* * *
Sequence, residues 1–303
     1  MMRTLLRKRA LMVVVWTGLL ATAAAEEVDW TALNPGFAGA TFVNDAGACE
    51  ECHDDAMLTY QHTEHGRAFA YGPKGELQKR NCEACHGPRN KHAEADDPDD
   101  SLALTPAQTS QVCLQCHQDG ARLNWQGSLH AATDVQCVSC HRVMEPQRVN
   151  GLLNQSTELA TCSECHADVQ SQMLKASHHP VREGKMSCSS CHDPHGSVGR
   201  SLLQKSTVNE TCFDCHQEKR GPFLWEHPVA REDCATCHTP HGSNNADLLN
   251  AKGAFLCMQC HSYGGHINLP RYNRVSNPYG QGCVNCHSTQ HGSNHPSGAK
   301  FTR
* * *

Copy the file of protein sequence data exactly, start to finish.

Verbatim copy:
Sequence, residues 1–303
     1  MMRTLLRKRA LMVVVWTGLL ATAAAEEVDW TALNPGFAGA TFVNDAGACE
    51  ECHDDAMLTY QHTEHGRAFA YGPKGELQKR NCEACHGPRN KHAEADDPDD
   101  SLALTPAQTS QVCLQCHQDG ARLNWQGSLH AATDVQCVSC HRVMEPQRVN
   151  GLLNQSTELA TCSECHADVQ SQMLKASHHP VREGKMSCSS CHDPHGSVGR
   201  SLLQKSTVNE TCFDCHQEKR GPFLWEHPVA REDCATCHTP HGSNNADLLN
   251  AKGAFLCMQC HSYGGHINLP RYNRVSNPYG QGCVNCHSTQ HGSNHPSGAK
   301  FTR